WASHINGTON -- In arguing against President Barack Obama's proposal to attack Syria over its use of chemical weapons, congressional lawmakers have cited poll after poll that shows the vast majority of their constituents oppose the United States' involvement in another Mideast conflict.
On his official Facebook page, Sen. Mike Lee (R-Utah) posted, "During my recent town halls, it was clear that my constituents had many questions and concerns about military intervention in #Syria. This week my office has received numerous phone calls, emails, and letters about this issue, and 1.7% of those contacting my office support military intervention. An astounding 98.3% of my constituents that are reaching out to me do not want to see the U.S. military involved in the Syrian conflict."
Congressional leaders do not always feel themselves so strongly bound to their constituents' opinions or poll numbers.
In the wake of the Newtown, Conn., shooting, support among the general public for expanded background checks on gun owners was widespread, even in the deepest red states. In fact, few policies have been as popular in recent memory; even before Newtown, CNN reported 94 percent of Americans supported background checks.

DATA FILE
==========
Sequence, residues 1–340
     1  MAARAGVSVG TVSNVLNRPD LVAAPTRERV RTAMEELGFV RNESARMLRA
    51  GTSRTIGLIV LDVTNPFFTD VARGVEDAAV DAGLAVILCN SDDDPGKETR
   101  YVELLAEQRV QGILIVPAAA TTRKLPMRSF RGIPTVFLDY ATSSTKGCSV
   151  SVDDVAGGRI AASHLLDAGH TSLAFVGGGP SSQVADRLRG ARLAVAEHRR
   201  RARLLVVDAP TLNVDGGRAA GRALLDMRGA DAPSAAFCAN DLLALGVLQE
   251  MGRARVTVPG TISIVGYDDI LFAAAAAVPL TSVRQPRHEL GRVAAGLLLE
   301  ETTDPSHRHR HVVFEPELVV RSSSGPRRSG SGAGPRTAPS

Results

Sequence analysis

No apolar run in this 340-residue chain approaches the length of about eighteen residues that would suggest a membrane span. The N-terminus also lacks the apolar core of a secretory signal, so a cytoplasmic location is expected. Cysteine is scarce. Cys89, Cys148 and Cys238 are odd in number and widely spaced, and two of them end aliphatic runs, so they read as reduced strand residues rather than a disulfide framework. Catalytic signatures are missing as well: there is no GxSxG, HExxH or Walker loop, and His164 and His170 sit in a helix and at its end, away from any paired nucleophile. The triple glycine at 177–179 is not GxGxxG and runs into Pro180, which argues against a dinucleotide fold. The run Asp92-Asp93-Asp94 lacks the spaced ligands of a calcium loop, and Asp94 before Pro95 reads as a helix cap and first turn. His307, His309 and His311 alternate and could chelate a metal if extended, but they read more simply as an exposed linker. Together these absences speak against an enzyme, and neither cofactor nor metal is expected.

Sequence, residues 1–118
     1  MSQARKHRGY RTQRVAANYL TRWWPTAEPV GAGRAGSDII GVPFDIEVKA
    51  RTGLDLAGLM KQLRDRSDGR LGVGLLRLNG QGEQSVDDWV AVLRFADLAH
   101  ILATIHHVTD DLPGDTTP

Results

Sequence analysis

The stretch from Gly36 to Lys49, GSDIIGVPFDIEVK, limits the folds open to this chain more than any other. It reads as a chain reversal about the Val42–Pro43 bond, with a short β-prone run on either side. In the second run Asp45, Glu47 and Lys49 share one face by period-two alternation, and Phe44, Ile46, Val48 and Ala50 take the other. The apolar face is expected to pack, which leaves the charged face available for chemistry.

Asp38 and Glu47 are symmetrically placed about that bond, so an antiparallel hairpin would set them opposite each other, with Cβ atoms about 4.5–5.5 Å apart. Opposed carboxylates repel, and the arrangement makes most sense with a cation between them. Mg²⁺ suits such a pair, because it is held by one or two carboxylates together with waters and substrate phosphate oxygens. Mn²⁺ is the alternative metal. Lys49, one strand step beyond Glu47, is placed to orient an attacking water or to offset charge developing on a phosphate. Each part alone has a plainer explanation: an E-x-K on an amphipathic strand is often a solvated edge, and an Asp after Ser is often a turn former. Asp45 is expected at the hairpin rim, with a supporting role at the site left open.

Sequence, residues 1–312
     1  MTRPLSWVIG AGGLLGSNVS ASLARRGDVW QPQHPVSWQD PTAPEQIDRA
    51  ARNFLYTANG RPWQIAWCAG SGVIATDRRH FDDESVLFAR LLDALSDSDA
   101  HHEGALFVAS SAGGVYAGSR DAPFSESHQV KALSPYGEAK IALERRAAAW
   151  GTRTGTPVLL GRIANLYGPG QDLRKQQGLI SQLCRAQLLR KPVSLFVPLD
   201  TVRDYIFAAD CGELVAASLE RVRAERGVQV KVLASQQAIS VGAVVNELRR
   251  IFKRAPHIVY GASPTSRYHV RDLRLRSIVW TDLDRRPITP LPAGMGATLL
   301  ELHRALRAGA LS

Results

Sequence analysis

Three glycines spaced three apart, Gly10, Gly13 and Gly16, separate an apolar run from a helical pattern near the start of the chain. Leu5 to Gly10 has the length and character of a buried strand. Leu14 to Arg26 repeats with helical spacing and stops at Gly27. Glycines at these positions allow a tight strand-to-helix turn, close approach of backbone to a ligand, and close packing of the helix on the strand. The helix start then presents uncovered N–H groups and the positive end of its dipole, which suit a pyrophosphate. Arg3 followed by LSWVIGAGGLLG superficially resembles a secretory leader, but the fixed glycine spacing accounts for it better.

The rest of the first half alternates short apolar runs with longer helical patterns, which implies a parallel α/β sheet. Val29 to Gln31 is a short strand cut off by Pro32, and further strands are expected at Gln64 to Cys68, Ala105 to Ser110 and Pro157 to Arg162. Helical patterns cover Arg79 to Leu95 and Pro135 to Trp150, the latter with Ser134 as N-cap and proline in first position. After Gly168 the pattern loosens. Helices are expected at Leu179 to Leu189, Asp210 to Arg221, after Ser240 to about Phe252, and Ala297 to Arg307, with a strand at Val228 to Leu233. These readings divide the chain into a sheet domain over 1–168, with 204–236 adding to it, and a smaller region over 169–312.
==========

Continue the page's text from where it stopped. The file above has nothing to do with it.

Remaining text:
Yet those poll numbers did not compel lawmakers to act.
In the spring, the bipartisan compromise produced by Sens. Joe Manchin (D-W.Va.) and Pat Toomey (R-Pa.), which would have mandated checks at gun shows and for Internet sales (with exemptions for sales between family and friends), failed to gain a filibuster-proof majority in the Senate.
In April, Lee, for example, voted against Manchin-Toomey, even as some 82 percent of the states residents supported such background checks, according to a poll by the Center for the Study of Elections and Democracy.
Sen. John Boozman (R-Ark.) opposed the Manchin-Toomey amendment, complaining that there was "no unified voice on this issue," although polling data from Mayors Against Illegal Guns found that 84 percent of Arkansans supported expanded background checks on all gun owners.
Sen. Marco Rubio (R-Fla.) also voted against the bill, despite a Quinnipiac poll indicating 91 percent of Florida voters supported universal background checks for gun buyers. And Sen. Chuck Grassley (R-Iowa) came out against the Manchin-Toomey compromise when polling showed 88 percent of Iowa voters wanted expanded background checks.
After the Manchin-Toomey vote, Lee wrote in an op-ed in USA Today, "Gun-control advocates point to polls that show support for expanding background checks. But members of Congress do not get to vote on broad poll questions. They have to vote on specific legislation."
CORRECTION: Due to editor error, a previous version incorrectly located Newtown in Massachusetts; it is in Connecticut.